It premiered at the Cannes Film Festival earlier this year and is director Jane Campion's first film after her disastrous last one.
And what a bore it is.
I love English period dramas as much as the general population this side of the world detest it – i.e. a lot. I like the archaic settings, the archaic sentence structure and elaborate phrasal choices, the strictures and conventions that these people live by that no longer apply today. I find them fascinating, and so far, rarely is there a period drama film that disappoints me.
This one achieves a numbing level of dullness, and I'm not entirely sure I know why. Abbie Cornish and Ben Whishaw deliver competent performances of two young people who begin to fall in love with each other and, because of their emotionally-naïve temperament compounded by the fact that the boy is the poet John Keats (and a Romantic at that), fall far more deeply in love than most people would allow themselves to be (the word intoxicated comes to mind), to the point that they push everything else in their life out of the bubble they create for themselves ... or try anyway. Which sounds like it should be a romantically-affecting, dramatic film. But it's not.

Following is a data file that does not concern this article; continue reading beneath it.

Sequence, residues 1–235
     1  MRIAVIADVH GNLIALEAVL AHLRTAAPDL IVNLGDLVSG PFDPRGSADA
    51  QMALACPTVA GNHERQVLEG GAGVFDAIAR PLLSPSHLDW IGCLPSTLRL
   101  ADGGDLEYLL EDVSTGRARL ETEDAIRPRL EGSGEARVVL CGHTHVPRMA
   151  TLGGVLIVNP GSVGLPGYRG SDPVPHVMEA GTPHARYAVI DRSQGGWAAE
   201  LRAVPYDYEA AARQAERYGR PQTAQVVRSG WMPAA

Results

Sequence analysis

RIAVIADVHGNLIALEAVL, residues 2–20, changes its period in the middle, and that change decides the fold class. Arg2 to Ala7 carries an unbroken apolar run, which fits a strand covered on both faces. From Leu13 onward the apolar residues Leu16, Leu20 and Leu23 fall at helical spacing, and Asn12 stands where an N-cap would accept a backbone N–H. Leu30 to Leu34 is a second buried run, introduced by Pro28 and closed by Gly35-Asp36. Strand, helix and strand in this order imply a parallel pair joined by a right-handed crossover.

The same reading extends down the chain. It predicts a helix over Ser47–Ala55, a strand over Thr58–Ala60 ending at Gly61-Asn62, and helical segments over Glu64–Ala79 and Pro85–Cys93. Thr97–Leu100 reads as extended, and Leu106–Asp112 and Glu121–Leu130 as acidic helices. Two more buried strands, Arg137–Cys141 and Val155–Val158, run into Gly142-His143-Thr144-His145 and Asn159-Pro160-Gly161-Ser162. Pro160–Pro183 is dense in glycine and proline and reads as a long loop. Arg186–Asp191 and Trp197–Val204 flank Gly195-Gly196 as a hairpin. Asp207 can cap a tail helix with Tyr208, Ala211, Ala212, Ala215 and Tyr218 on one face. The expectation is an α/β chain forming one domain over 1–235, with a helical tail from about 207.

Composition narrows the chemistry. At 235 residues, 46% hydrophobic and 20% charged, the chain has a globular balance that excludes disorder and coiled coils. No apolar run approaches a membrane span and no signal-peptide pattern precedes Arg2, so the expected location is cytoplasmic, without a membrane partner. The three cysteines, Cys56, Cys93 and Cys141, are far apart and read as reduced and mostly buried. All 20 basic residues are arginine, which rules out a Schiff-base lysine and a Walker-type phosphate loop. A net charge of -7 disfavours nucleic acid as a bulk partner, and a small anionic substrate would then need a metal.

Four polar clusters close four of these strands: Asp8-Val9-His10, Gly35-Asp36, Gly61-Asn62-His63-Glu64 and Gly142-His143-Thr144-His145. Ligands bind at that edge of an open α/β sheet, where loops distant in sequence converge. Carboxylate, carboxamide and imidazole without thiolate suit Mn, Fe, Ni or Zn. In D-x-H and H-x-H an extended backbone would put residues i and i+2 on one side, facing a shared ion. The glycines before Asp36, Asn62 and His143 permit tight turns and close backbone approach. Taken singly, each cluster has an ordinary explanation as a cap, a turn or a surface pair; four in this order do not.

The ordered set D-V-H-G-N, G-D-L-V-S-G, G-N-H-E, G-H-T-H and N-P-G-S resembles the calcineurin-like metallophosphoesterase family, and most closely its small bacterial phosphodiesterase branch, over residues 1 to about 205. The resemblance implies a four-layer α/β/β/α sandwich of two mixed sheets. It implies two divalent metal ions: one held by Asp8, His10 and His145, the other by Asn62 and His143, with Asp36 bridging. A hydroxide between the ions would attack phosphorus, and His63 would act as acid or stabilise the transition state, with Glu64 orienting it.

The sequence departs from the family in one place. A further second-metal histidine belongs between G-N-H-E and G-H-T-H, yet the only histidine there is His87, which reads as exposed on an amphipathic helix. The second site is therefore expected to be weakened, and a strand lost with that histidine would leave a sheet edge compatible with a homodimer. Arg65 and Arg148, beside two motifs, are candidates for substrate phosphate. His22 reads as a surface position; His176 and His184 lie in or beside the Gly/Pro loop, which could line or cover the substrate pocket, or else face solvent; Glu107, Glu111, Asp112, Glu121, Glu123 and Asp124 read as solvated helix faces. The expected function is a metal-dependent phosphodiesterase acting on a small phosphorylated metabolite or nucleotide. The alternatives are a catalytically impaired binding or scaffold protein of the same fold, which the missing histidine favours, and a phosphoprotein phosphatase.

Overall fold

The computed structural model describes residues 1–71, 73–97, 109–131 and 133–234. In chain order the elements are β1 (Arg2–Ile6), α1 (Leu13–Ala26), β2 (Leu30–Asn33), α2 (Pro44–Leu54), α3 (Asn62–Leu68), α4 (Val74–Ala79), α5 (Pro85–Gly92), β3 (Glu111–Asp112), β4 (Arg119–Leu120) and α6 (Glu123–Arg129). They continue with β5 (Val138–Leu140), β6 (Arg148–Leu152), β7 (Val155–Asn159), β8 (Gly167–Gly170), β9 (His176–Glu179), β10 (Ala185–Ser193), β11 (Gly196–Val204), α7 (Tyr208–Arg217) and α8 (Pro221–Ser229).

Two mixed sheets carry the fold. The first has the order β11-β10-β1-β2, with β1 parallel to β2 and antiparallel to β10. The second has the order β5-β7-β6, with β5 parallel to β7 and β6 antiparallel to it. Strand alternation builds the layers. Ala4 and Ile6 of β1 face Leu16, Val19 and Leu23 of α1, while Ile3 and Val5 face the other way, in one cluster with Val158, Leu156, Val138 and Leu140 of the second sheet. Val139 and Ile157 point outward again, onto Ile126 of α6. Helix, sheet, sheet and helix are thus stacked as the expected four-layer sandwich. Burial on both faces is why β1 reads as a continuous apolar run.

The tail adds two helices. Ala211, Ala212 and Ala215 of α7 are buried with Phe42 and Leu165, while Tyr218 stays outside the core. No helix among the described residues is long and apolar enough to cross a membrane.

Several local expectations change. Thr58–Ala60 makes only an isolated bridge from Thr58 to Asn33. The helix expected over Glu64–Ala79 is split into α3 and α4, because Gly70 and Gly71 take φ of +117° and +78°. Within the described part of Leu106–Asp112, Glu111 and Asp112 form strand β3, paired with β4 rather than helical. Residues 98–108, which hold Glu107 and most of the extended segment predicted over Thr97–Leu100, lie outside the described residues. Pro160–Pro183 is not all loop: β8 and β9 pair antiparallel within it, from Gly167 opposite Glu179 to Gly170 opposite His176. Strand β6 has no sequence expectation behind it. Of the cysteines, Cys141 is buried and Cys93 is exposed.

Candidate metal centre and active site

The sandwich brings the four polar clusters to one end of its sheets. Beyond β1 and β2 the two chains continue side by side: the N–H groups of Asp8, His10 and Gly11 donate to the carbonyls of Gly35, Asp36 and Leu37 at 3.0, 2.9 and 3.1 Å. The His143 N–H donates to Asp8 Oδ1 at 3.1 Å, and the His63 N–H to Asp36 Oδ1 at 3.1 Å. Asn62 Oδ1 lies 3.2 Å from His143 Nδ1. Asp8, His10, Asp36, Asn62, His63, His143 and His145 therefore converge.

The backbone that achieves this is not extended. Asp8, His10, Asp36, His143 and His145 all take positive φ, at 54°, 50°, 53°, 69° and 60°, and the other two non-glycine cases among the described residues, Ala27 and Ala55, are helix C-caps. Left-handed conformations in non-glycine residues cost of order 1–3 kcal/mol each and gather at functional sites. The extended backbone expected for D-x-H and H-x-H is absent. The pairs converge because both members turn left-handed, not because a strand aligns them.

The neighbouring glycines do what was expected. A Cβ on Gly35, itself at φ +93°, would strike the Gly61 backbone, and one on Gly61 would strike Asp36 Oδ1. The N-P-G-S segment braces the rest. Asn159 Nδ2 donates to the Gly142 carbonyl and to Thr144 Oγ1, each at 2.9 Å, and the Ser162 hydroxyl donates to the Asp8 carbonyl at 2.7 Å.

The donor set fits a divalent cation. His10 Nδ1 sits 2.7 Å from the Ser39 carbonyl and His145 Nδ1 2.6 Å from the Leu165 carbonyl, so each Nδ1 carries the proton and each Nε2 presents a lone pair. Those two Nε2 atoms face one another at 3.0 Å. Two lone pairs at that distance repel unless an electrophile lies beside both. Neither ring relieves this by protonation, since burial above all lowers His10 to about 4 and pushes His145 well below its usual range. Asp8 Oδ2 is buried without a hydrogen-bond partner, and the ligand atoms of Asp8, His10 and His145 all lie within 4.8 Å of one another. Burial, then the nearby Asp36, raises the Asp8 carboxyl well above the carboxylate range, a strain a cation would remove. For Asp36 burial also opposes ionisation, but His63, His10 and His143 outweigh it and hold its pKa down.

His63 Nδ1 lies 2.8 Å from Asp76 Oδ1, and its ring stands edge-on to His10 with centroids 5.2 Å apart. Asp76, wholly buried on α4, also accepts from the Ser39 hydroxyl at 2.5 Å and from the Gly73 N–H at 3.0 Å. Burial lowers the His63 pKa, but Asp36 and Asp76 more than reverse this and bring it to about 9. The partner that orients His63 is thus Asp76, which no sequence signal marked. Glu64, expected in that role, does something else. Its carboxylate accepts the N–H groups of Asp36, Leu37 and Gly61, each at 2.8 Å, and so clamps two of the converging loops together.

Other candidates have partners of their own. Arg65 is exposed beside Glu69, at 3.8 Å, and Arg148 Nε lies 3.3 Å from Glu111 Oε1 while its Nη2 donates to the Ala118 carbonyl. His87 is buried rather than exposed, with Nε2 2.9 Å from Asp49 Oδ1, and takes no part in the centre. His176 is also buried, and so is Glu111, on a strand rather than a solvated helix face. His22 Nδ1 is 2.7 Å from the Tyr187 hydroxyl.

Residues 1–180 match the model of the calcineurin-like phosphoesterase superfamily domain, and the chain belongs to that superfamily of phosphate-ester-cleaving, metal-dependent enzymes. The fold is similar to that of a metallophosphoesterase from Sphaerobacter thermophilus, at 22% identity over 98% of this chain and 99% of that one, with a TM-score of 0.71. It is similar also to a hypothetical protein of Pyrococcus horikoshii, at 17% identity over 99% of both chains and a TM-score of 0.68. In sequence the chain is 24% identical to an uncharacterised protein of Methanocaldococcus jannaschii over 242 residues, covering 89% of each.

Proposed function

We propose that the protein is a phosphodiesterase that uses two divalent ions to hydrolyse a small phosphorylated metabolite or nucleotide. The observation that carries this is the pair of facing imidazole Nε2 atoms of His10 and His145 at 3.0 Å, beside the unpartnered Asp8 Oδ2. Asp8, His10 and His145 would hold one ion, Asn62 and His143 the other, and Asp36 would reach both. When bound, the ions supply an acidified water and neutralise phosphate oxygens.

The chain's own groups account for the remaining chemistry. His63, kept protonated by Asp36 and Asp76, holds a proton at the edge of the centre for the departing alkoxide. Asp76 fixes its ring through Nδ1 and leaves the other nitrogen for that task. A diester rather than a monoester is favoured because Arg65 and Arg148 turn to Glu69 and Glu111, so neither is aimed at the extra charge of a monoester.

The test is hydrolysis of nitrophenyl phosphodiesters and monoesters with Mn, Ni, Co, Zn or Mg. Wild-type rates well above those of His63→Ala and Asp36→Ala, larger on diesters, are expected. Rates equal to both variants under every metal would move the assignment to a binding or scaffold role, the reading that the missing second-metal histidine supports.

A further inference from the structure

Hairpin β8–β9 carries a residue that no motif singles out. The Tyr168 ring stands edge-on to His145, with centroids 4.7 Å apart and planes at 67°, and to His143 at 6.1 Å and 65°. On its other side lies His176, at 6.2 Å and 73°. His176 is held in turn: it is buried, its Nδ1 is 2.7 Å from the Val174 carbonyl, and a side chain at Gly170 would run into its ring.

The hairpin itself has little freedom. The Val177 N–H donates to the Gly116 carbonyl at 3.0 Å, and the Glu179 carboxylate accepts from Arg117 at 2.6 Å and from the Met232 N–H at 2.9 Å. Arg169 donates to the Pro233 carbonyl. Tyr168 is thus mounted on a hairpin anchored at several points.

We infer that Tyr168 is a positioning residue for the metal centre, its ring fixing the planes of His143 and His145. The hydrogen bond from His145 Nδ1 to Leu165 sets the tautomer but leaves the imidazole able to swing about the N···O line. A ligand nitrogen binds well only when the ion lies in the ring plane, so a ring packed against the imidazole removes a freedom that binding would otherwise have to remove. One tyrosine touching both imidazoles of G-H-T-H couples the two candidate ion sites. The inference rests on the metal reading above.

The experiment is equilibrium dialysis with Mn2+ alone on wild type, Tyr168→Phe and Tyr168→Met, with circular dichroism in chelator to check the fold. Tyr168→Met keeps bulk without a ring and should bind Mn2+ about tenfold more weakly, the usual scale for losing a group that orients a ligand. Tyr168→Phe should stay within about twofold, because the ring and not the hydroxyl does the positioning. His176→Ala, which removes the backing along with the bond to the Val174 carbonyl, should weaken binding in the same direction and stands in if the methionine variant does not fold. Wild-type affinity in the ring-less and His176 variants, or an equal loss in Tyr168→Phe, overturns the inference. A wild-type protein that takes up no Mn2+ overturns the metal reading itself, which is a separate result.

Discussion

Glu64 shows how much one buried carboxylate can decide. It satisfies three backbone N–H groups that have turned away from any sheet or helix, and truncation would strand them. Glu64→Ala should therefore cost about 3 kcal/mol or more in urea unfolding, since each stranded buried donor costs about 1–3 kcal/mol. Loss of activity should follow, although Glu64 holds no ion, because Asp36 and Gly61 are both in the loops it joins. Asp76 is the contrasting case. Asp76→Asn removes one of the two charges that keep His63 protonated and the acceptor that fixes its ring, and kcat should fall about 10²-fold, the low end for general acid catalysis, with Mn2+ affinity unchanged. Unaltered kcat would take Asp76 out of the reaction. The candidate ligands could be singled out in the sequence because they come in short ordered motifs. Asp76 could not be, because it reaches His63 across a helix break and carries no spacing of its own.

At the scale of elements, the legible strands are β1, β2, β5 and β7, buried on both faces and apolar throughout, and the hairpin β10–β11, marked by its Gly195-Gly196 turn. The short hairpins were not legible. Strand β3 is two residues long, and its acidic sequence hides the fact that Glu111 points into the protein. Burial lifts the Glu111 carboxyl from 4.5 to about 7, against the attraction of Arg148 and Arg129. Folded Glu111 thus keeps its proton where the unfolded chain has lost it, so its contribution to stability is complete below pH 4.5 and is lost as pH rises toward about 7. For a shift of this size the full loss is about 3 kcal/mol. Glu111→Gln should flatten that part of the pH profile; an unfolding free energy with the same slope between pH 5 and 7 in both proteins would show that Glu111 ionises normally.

As for direction ... what direction? Anyone could've directed this one. This film couldn't be plainer if it tried.
The story is meandering, though there is one scene where John Keats mentors the girl about poetry and what's it about that's quite insightful (as it should be). There are quite a number of scenes of characters spouting poetry, and they just don't sell the delivery well at all.
I read an article where Cornish was saying how one of the themes of the movie was that they had to fall in love in a very chaste manner (no showing of feelings, no touching, etc), which is of course something that's really unsatisfying for the characters, and we in the audience are meant to feel it. Guess what, Joe Wright's Pride & Prejudice relayed that to the audience far more effectively than anything I saw here.
And just watch the trailer – all of the movie could not compete with the passion demonstrated in just that last minute of the music in the trailer.
The one surprise is seeing American actor Paul Schneider here, portraying Keats' Scottish friend Charles A. Brown. His Scottish delivery sounded really good and he comes across without any shred of the American in him (few American actors cross over the English period drama movies perfectly), though it's unfortunate his character is rather a pain in the arse, an irritating sort of fellow. Also, it was nice to see young actor Thomas Sangster growing up (he famously played Liam Neeson's precocious son in Love Actually).
Give it a miss, unless you're one of those that are convinced that Jane Campion is a genius.
Did I Like It? Very much not.
Did I Fall Asleep? About 15 minutes.